One of the biggest differences between manga and western comics is the format in which it runs. While both are eventually released as collected volumes, most western comics will be first distributed in single-chapter releases, whereas manga will be first distributed in various magazines together a number of different series. The magazine model works out nicely for publishers – people pick up a magazine to read a series they’re massively into, and all of a sudden tens to hundreds of thousands of people have a chance to get a look at whatever new artist you’ve just debuted. Occasionally, that young artist ends up becoming a smash hit themselves, and you’ve got more people reading your magazine and more chances to develop more hits (while at the same time hopefully being nice to the rest of your authors).
In order for this model to work, though, you need to have people buy your magazine, and in order to buy your magazine, you need a hit series. This was a problem for manga industry mainstay and Weekly Shonen Sunday publisher Shogakukan. In 2010, they were shut out of Oricon’s top 10 manga series, and had only one series (Detective Conan, 3 times) even make the top 50 volumes that same year.
Flash forward to 2013, and they had 2 of the top 6, Magi and Silver Spoon. It’s a really impressive turnaround, even given that simple top-whatever lists fail to capture the beautiful breadth of the manga industry. How it happened is worth taking a look at, not in the least because parts of how it happened are fairly intriguing in and of themselves.
Update 2 (July 15, 2014): New, more accurate data is here.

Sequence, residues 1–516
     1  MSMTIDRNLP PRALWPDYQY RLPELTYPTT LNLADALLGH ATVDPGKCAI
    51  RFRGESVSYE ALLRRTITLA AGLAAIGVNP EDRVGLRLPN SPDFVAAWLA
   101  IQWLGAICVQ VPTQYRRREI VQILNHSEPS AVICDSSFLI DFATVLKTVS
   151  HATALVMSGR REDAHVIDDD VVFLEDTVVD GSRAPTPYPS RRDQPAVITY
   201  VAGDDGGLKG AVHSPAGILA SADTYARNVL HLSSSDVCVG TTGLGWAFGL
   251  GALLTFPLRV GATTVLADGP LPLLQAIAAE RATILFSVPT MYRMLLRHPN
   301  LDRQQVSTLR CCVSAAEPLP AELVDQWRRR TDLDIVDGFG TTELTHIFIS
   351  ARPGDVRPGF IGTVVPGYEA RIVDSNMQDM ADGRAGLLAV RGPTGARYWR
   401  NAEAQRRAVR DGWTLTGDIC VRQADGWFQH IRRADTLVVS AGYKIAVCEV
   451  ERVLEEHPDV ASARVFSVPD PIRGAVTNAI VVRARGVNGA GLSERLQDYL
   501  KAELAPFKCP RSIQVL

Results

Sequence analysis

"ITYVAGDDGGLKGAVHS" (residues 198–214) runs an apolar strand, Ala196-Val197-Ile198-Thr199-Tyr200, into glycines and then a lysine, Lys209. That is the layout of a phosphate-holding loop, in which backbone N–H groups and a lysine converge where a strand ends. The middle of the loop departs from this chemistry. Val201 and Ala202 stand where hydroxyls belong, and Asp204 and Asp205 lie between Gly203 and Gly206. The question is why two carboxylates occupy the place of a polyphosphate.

Update (Jul 1, 2014): This post doesn’t measure releases in 2-week totals, which turns out to be a huge deal in many, many cases. I’m currently working on an updated version of both this and the 2011 data. Just be aware of that before citing the data from here regarding any one show.
By all rights, a 30-series sample like the one I had for 2011 was enough to get most of the relevant information regarding how anime boosted manga sales. However, during that analysis, I bumped into an incidental correlation, myanimelist ranking versus gain in manga sales, that was far too juicy to ignore. If that correlation is real, it points to a very tangible link between the Japanese mainstream community (who have enough disposable income for manga but not for anime) and the English-speaking online community (who generally pay a comparable pittance, if anything, for the anime they watch). But I couldn’t be sure from just the 2011 data, since that was the sample that gave rise to the theory. So I did what any good researcher would do, and pulled another year worth of data to see how things would match up. The results can be found on this spreadsheet, and are sorted in order of descending myanimelist rank below.
It’s that time of quarter again! We’ve got a very interesting Fall season that’s coming out swinging this week, and there’s no better way to pay our respects to a season with potential deep sleepers like Tokyo Ravens and Gingitsune than to cavalierly turn them into race horses. We’re making mad bets on the Fall 2013 Season, Vegas-style!
I’ve mentioned before how I often I see misconceptions about shojo manga in my group of anime-fan friends. The most common misconception that pops up is that shojo is a one-note genre (rather than a demographic, which it is by definition), but a close second is the assumption that female fans are a small minority among those that follow anime. While that’s somewhat true in Japan, it couldn’t be further from the truth in America. Indeed, female fans may make up the majority of manga buyers in the United States. So why so few shojo anime? I’ve got a take on that.
If you know anything at all about manga, you’ve probably heard the name Weekly Shonen Jump before. Armed to the teeth with megahits like One Piece, Naruto, Bleach, and Toriko, it stands undisputed atop the manga industry. But did you ever wonder how that dominance came to be, or why it’s been largely unchallenged for upwards of 20 years? Here’s a hint: it’s no accident.